Sunday, September 21, 2008

A Weekend Hiking in the Alps

Our second weekend in Nice, the university professor here took us hiking in the southern part of the French alps, near the Vallée des Merveilles (which we were supposed to visit, but unable to because of the snow that followed us up and down the mountains). After we returned to the bottom of the mountain, however, we wandered around the picturesque small village of Saorge (pictured above). As we walked on the paths of the mountainside there, I stumbled upon so many edible items (fruits, herbs, flowers, etc.) growing wildly. I tried to photograph as many of them as I could but some of them ended up getting loss in the mass of green (wild figs, for example), so enjoy the ones that didn't turn out tottally indistinguishable. I even managed to pocket some fresh thyme which I used the next morning in my eggs!

Here are the blackberries we picked from these tiny tree-type things that were very close to the ground. They were smaller than the typical American blackberry but perfectly ripe and delicious!

Here's the handful of wild thyme I stuffed into my pocket. I used a tiny bit in my eggs the next day and it was so fragrant and woodsy that the flavor penetrated the whole dish. I should have made Ina Garten's herbed-baked eggs, SO delicious!

Our guide told me these are rose berries or rose buds (my French isn't really that good...). I'm not sure what relation they have to flowering roses, though. I tasted one and it was incredibly tart, but I our guide told me they are often used to make a jam, which I can imagine being good. I looked around for a recipe, but couldn't find one. If anyone has more information about these little guys and what they're used for, I'd love to know!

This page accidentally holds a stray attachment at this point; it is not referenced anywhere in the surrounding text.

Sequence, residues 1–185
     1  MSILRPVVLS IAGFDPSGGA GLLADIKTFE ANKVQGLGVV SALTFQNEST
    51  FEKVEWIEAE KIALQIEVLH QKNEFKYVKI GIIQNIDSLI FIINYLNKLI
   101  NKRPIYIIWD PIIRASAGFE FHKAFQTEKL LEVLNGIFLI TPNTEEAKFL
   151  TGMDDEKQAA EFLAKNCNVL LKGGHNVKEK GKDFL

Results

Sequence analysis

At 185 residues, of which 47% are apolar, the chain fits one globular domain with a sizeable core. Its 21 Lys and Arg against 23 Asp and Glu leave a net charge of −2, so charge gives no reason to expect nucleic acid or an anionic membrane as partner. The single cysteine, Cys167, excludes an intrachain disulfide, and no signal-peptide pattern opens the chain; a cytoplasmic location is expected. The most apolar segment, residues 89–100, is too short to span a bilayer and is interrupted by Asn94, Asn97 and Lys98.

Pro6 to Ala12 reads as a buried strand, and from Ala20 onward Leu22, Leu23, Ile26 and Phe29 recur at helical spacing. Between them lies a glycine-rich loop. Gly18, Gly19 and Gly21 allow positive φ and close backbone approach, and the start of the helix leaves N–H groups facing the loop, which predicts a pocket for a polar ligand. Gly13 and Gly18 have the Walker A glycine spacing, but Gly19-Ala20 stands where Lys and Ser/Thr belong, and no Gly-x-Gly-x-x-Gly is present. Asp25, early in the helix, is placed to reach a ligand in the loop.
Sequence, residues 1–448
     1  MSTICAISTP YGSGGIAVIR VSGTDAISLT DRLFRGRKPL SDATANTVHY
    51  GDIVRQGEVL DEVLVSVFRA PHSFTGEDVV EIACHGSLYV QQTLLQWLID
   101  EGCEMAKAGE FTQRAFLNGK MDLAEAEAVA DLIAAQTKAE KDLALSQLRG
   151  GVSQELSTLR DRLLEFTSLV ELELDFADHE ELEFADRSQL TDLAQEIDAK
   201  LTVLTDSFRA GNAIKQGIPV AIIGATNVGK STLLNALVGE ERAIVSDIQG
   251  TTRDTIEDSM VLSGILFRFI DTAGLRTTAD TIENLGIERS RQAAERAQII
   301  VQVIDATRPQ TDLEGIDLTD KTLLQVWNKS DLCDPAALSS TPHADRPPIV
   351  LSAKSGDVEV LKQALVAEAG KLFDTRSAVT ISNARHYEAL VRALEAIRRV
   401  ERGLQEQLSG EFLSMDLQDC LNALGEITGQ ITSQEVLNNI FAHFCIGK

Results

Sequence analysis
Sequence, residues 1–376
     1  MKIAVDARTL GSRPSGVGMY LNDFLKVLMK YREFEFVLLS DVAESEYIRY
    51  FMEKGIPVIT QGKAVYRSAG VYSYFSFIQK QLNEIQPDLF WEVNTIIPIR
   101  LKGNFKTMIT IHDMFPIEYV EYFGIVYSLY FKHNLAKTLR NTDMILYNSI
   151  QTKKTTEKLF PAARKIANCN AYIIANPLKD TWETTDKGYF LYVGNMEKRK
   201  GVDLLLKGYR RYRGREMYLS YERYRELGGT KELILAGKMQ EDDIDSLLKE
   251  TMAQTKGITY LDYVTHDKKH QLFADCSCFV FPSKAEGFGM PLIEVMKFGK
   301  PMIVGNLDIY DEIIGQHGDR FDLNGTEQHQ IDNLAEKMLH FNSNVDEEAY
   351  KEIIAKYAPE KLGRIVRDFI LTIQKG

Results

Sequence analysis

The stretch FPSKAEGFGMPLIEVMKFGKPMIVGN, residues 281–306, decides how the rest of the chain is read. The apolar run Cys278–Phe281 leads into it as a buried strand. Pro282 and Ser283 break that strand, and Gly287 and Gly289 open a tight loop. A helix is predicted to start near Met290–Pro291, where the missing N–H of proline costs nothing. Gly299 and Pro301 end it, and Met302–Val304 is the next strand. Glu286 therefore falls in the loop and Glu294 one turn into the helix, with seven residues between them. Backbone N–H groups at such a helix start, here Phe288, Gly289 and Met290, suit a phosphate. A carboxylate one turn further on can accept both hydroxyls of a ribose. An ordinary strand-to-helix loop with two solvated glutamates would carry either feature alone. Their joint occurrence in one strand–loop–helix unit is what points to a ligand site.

*I now know these are rose hips. Thank you, Jen!!!

This photo is not the greatest, but YOU try photographing everything while your group keeps going without you! Here is one of the most common things ever in this corner of France: lavender. I see it everywhere here, used for everything from cleaning to freshening up stinky places (like your garbage bin, for example).

Finally, these are the raspberries we encoutnered on the trail, still on the vine. The darkness is the perfect indicator of ripeness and I managed to have several that were juuust right.


Manggy said...

That is just absolutely breathtaking! Wait, what was your course, again?
They weren't even stopping to take pictures with you?! Sacrilege!!!

Sara said...

hahaha, everyone else mastered the art of photographing while walking. unfortunately, the digital macro option of my camera doesn't work that way!

it's not really a "course" per-se, it was more of a field trip, involving all the students from my university that came to study abroad in Nice. :-)

Jen said...

I stumbled upon your blog reading up on the daring bakers and noticed your post from France. The parts of rose you photographed are called rose hips and if you type that into your search engine you will find plenty of information on harvesting, storing, and cooking them.

Nayereh said...

this is a great representation of your experience by sticking to the details.. it makes it Sara, not the French Alps. A little bit of that too :)

Anonymous said...

Benvengut a Nissa la Bella :) !

Anonymous said...

I'm pretty sure the last image are blackberries, not raspberries. We grow both in my family garden. They're just red becuase they're not ripe yet.